The Little Black Dress December 08 2013

There is an item of clothing that I always have in my wardrobe for "that" special occasion and that's the Little Black Dress.

As Christmas is fast approaching, ladies everywhere will be whipping out that little Black number from the back of their wardrobes, pulling together an outfit that will make them look and feel a million dollars.

Its silhouette has changed over the years but the LBD remains supremely chic.

My LBD - AX Paris £25

Many people claim that the LBD as we know it was invented by Coco Chanel.  In 1926, a picture of a simple short black dress by Chanel appeared in American Vogue and was dubbed “Chanel's Ford” after demand for Ford motorcars which were only available in Black, had soared at the start of the century.  The LBD was like the Model T car because it was accessible to women of all social classes.  Vogue said the dress was "a sort of uniform for all women of taste."

Simple in Black crêpe de Chine with long, narrow sleeves, worn with a string of pearls, Vogue proved to be correct in the prediction that it would become a uniform.

Before the 1920s, wearing the colour Black was strictly reserved for times of mourning.  It was considered indecent to wear it otherwise because mourning dresses were symbolic. During the Victorian era, a grieving widow was expected to wear black for at least two years.  Queen Victoria wore her mourning dresses for exactly 40 years!

The LBD maintained its popularity during World War II, due to the rationing of textiles.  It also became a sort of uniform for the droves of women heading to the workplace.  LBD's were popular in Hollywood during the Technicolor craze because a Black dress wouldn't clash with the other colours on the screen as a brighter dress might.

During the postwar conservative era of the 1950s and early 1960s, the LBD took a bit of a social hit.  Though still worn, it was seen as a little dangerous that the woman wearing it wasn't quite so pure as the conservative woman in Powder Blue.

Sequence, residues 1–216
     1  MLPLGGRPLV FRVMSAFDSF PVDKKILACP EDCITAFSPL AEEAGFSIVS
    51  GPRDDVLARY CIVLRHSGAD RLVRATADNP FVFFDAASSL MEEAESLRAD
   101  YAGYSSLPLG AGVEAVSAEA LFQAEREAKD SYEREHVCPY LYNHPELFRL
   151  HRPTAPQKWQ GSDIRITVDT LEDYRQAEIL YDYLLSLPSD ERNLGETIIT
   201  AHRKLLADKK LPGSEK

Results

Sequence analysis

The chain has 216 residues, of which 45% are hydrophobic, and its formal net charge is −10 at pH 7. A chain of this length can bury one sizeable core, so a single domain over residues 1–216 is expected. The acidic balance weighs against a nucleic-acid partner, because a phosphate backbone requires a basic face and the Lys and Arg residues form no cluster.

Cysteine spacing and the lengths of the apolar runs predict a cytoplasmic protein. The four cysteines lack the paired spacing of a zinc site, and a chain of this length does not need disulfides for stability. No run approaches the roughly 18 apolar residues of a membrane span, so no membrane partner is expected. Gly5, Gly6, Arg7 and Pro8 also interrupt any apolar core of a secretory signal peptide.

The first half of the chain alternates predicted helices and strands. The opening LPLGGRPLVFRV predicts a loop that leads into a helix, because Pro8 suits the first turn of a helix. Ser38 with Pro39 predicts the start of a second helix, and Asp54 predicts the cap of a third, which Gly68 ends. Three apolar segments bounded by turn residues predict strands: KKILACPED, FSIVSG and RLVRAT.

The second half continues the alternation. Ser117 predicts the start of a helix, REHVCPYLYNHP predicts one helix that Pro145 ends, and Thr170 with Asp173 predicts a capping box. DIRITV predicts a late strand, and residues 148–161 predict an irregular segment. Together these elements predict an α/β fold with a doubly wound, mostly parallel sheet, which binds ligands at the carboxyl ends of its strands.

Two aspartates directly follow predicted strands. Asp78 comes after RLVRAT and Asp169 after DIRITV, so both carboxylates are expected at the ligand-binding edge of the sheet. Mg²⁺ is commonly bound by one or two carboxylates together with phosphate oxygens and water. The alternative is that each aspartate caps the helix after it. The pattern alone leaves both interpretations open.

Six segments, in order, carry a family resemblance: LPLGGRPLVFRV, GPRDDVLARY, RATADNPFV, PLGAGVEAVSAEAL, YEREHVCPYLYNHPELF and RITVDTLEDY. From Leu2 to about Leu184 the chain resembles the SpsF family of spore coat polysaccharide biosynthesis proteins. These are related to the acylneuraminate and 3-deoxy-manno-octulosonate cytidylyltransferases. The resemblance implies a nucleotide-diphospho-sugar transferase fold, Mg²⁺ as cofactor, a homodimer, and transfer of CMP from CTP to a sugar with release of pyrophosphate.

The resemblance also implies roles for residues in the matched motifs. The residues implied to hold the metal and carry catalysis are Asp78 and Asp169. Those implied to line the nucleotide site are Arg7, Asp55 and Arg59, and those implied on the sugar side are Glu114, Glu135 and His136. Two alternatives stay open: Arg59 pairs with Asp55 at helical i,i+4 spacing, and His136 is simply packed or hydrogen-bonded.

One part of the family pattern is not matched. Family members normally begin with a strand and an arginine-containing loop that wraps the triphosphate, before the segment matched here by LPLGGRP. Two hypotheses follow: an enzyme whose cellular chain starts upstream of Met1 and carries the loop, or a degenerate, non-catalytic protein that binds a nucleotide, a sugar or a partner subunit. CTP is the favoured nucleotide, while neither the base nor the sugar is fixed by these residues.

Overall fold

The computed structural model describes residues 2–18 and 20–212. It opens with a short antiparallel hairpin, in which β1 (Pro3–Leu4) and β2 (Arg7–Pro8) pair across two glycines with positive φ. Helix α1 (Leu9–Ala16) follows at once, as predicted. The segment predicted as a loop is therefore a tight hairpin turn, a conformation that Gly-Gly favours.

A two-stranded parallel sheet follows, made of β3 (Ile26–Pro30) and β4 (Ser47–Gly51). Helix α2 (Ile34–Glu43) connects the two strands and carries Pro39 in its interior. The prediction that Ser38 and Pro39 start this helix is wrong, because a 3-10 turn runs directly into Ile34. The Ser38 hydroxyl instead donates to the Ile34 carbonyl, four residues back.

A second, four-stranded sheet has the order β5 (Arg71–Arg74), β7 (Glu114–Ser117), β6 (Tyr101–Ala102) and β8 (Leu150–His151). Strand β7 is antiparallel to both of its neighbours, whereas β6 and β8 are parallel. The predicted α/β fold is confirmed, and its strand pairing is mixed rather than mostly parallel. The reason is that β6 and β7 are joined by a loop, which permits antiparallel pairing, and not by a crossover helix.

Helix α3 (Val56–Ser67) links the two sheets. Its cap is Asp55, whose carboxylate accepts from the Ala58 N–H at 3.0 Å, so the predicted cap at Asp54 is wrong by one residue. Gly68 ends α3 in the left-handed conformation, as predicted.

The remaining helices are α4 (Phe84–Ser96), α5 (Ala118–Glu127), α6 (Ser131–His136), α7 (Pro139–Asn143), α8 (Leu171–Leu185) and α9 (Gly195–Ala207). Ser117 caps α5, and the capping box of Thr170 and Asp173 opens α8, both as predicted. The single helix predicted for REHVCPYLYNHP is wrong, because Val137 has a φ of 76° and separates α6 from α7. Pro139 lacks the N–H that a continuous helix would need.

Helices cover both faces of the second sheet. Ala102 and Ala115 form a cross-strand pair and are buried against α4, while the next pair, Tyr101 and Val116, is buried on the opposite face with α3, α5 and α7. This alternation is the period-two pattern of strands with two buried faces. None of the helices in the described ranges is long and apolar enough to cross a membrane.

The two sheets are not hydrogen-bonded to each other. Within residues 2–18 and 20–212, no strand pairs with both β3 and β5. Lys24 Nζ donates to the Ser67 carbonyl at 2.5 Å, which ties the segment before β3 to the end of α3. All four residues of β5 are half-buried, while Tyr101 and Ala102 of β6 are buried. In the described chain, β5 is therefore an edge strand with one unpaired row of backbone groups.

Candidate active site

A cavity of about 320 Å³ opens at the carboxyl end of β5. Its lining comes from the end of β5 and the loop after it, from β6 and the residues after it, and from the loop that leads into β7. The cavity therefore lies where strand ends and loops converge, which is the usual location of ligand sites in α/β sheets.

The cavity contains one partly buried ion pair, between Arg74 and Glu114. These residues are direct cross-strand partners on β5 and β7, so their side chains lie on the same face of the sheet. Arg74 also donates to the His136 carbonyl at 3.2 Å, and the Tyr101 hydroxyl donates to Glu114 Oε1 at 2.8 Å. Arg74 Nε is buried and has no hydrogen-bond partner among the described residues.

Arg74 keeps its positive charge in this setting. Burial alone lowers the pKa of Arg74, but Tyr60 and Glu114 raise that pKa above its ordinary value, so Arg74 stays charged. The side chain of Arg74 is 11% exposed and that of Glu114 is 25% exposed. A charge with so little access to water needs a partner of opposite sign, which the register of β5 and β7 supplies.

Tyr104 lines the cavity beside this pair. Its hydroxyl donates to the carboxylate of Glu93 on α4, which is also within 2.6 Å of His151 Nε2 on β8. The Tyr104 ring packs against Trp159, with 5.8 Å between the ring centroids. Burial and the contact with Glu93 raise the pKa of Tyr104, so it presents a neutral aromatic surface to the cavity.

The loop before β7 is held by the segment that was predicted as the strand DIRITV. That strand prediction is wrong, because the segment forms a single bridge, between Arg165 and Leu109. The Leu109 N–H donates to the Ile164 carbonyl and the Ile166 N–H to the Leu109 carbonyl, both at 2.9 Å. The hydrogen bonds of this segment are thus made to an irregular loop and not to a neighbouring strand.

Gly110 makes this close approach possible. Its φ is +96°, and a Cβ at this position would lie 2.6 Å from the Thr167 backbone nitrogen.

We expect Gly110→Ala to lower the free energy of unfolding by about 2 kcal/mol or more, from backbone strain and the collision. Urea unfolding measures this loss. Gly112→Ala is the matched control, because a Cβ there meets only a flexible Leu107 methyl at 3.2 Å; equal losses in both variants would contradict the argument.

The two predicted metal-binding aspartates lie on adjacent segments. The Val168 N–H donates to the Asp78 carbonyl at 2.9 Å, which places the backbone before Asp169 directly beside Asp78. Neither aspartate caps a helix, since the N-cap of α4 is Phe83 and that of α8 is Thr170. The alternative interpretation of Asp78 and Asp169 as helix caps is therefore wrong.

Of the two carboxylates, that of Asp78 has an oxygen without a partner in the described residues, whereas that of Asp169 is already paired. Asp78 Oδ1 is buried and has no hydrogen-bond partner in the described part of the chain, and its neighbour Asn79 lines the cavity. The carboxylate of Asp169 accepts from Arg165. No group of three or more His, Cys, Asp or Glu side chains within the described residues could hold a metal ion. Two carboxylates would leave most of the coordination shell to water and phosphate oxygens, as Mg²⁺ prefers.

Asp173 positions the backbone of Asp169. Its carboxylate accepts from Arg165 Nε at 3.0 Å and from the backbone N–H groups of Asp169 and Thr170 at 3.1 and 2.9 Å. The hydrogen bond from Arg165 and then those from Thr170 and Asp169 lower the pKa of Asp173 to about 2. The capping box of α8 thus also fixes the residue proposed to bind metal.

But the Swinging 60s gave the LBD a bit of a revival, with the younger Mod generation sporting the mini dress invented by the fashion designer Mary Quant.  While the older more conservative set, looked to classic styles like the LBD worn by Audrey Hepburn in Breakfast at Tiffany's.  That Black Givenchy cocktail dress worn in the film sold at auction in 2006 for £467,200!!!

In the 1980s, the LBD experienced a renaissance at the hands of designer Azzedine Alaïa, "the King of Cling".

The LBD has, for the most part, maintained its popularity through the decades since Chanel brought it into our lives in 1926.  Though it's had its stylistic variations from the Mod mini dress of the 1960s and big shoulders and peplum of the 1980s to the grunge in the 1990s, the motivation behind the dress has remained the same.  A LBD makes a woman feel beautiful and glamorous.  It's a long-lasting, versatile and affordable to a large market of women and is certainly here to stay.

We may not yet know how to have it all but it helps to have a reliable outfit that can do it all and will always makes us feel modern, capable, feminine and fun.

Me in my LBD